Hamburger Rathaus

Hamburg City Hall (German: Hamburger Rathaus, pronounced [ˌhambʊɐ̯ɡɐ ˈʁaːthaʊs]) is the seat of local government of the Free and Hanseatic City of Hamburg, Germany. It is the seat of the government of Hamburg and as such, the seat of one of Germany’s 16 state parliaments. The Rathaus is located in the Altstadt quarter in the city center, at the Rathausmarkt square, and near the lake Binnenalster and the central station. Constructed from 1886 to 1897, the city hall still houses its original governmental functions with the office of the First Mayor of Hamburg and the meeting rooms for Hamburg’s parliament and senate (the city’s executive).

After the old city hall was destroyed in the great fire of 1842, it took almost 44 years to build a new one. The present building was designed by a group of seven architects, led by Martin Haller. Construction started in 1886 and the new city hall was inaugurated in 1897. Its cost was 11 million German gold marks, about €80 million. On October 26, 1897 at the official opening ceremony the First Mayor Johannes Versmann received the key of the city hall.

In the postwar period, various heads of state visited Hamburg and its City Hall — among them Emperor Haile Selassie I, the Shahanshah Mohammed Reza Pahlavi in 1955, and in 1965 Queen Elizabeth II. An emotionally moving service of remembrance was held on the market-square for the victims of the North Sea flood of 1962. Happier moments were the celebrations of Hamburger SV as German football champions, the last time though in 1983.

In 1971 a room in the tower was only discovered accidentally during a search for a document fallen behind a filing cabinet. So there is a probability that there are even more rooms than the currently counted 647 rooms. 

On the outside the architectural style is neo-renaissance, which is abandoned inside for several historical elements. It is one of the few completely preserved buildings of historicism in Hamburg. Built in a period of wealth and prosperity, in which the Kingdom of Prussia and its confederates defeated France in the Franco-German War and the German Empire was formed, the look of the new Hamburg Rathaus was intended to express this wealth and also the independence of the State of Hamburg and Hamburg’s republican traditions. The city hall has a total area of 17,000 m2 (182,986 sq ft), not including the restaurant Ratsweinkeller, now called Parlament, of 2,900 m2 (31,215 sq ft). The tower is 112 metres (367 ft) high with 436 steps. It is a common misconception that Hamburg Rathaus has more rooms than Buckingham Palace (647 vs. 775), on a building area of 5,400 m2 (58,125 sq ft).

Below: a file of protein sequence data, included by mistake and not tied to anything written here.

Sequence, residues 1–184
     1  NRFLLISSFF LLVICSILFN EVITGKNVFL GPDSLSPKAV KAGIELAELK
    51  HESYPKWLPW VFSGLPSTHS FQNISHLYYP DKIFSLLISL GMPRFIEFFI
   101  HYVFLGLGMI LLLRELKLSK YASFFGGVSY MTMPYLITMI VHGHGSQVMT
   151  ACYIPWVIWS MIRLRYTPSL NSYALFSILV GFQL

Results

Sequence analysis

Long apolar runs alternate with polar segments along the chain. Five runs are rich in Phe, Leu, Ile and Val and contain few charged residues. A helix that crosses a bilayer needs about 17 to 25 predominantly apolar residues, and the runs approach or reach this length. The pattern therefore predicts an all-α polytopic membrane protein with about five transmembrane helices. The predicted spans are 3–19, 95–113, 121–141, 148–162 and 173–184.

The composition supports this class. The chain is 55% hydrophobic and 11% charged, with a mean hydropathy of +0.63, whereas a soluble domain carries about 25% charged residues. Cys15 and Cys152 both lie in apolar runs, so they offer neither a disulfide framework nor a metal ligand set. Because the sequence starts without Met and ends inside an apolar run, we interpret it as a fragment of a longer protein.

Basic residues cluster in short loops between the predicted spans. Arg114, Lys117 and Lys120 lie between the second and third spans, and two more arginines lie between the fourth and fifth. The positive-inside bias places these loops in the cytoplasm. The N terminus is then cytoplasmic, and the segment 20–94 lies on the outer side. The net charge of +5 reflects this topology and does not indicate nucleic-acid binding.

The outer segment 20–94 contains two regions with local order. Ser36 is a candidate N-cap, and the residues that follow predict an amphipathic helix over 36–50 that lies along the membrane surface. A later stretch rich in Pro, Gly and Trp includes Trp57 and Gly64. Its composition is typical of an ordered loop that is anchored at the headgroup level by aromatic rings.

The balcony is surmounted by a mosaic of Hamburg’s patron goddess Hammonia, the city’s coat of arms and an inscription of the city’s motto in Latin:

Libertatem quam peperere maiores digne studeat servare posteritas.” (in English: The freedom won by our elders, may posterity strive to preserve it in dignity.)

The courtyard is decorated with a Hygieia fountain. Hygieia as the goddess of health and hygiene in Greek mythology and its surrounding figures represents the power and pureness of the water. It was built in remembrance of the cholera epidemic in 1892, the former technical purpose was air cooling in the city hall.

The lobby is a public area used for concerts and exhibitions. It is open to the public. The emperor’s hall in the first floor is the second-largest representation hall, named after Wilhelm II and functions as a room for official presentations. The mayor’s hall was planned as a small meeting room. In the room as of 2008 the entry in the city’s Golden Book take place, which was done by many dignitaries including the former German President Paul von Hindenburg and the Dalai Lama. In the left wing is the floor of the Hamburg Parliament. The 121 representatives meet in a room that was renovated during the Hitler era. Only three fields on the ceiling shows its original decoration.